Although most years I have managed to get out and slip a few pieces of yellow paper into the world sometime within a week or so of the fourth, I have rarely managed to get these exploits written up and posted, with or without photos.
One year not so many half-decades ago, I actually organized a little dinner gathering at a restaurant, and placed a folded yellow paper by everyone's place setting. I took pictures of all this. At the moment I have no idea where they might be -- no doubt flotsaming around somewhere in my exobrain. But I certainly never got around to writing the cheery and amusing account of it all that I'd envisioned.
This year, in hopes of keeping both the 4Qation and its documentation more streamlined and therefore more like to make it to the Internets eventually, I limited myself to a single quotation, forbade myself to even think about photography, and for the first time ever hand-wrote the thing on a sheet of yellow paper like Ms. Slickman originally intended instead of typesetting some elaborate handout with multiple quotes like I'd done in the past.
I decided to pick a quotation from a book I'd never 4Qated from before, and something from a relatively recent book (rather than a classic quote from the First Six Novels, which I have mined so heavily over the years).
So I chose this early passage from The Bat Tattoo, which is hands-down my favorite Hoban book of the 00s -- the one I think most deserved a US release and yet inexplicably didn't get one.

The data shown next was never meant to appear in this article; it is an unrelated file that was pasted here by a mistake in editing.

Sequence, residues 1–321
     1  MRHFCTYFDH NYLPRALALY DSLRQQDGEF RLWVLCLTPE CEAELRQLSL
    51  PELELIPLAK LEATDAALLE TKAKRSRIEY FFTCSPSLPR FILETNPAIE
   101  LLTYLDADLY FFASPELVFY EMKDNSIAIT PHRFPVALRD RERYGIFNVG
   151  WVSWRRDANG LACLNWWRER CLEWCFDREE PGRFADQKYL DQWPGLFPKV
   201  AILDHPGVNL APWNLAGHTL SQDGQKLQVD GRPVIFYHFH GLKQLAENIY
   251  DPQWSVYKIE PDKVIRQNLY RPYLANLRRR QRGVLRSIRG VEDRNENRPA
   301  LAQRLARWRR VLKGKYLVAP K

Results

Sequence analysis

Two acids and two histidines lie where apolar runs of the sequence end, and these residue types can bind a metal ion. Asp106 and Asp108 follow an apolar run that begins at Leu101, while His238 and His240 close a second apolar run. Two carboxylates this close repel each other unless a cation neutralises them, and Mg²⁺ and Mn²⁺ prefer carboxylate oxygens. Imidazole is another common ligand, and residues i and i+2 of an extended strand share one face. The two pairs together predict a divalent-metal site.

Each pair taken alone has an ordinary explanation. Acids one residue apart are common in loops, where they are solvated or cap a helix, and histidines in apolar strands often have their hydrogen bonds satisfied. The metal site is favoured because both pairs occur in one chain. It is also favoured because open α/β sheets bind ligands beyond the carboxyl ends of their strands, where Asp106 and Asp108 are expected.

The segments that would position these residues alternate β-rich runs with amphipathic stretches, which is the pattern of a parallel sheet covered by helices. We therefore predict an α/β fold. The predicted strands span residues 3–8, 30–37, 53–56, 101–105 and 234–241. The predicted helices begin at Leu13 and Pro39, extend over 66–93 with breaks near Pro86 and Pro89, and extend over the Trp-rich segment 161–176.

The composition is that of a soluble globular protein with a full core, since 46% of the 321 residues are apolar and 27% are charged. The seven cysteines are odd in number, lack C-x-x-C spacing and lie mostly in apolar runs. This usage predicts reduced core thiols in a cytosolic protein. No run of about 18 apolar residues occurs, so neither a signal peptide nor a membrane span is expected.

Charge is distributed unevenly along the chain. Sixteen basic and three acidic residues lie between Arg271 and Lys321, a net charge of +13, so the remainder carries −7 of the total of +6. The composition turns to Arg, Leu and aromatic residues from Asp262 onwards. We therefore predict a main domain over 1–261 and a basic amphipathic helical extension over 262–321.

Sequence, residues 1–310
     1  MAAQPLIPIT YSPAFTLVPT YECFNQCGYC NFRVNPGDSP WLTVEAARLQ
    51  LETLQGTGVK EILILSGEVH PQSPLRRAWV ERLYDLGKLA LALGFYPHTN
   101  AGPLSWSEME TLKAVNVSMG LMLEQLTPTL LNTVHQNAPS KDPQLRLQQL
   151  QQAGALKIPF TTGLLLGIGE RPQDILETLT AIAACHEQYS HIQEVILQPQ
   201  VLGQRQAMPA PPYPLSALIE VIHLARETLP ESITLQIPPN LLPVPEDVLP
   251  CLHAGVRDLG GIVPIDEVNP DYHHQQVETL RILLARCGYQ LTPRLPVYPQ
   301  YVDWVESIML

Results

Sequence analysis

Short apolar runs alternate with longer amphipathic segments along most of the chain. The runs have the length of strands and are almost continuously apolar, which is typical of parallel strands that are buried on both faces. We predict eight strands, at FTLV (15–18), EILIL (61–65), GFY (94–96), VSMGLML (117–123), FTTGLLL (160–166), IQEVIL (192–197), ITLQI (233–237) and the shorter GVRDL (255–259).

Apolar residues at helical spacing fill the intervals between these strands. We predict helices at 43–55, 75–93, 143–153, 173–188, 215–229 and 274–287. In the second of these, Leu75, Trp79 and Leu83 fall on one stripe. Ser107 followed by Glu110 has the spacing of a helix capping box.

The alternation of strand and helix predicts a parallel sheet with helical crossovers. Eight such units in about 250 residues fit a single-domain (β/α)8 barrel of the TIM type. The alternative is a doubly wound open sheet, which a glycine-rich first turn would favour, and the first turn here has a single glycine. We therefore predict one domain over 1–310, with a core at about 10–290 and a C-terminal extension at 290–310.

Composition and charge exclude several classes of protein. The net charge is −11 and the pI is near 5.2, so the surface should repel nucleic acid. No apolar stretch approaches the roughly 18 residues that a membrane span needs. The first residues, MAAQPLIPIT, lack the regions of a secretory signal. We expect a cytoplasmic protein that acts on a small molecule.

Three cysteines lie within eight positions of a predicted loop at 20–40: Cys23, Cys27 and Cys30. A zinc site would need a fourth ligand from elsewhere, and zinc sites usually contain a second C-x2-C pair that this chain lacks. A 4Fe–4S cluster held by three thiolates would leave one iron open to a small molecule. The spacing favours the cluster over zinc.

Here is what my yellow paper said.
February 4, 2009
"Looking for a particular thing in a museum is like looking for a word in the dictionary -- you keep being led astray. Bodhisattvas, Buddhist banners, bronze and jade and robes with dragons. Little earthenware ladies out of tombs: their robes were glazed, their faces not, their mouths were closed. Horses, T'ang Dynasty -- their saddles were empty, waiting to take the dead to paradise. Just looking at those horses you could hear the clip-clop of their hooves in the silence.
"There was a little bronze tomb guardian, something between a dog and a nightmare, who looked as if he could lick his weight in demons or anything else that came his way. Although I wasn't dead I felt safer with him around. A place like that Chinese gallery is bound to be haunted by ghosts, demons, who knows what. For that matter, every place I know is haunted by ghosts, demons, and absent friends."
-- Russell Hoban, The Bat Tattoo (p. 3)
Compliments of The Kraken
In honor of Russell Hoban's 84th Birthday
I wrote this out on a sheet of paper at the neighborhood pack-and-mail store, copied it onto roughly half-a-dozen sheets of yellow paper, and then slipped them inside copies of a few of Chicago's alternative weeklies at a couple of different coffehouses in Andersonville (my neighborhood in Chicago). I also slipped a couple between boxes of tea at the neighborhood supermarket.
Thus endeth the 2009 report, submitted only about two months late. Next year my goal will be to get it filed while the sun is still in Aquarius.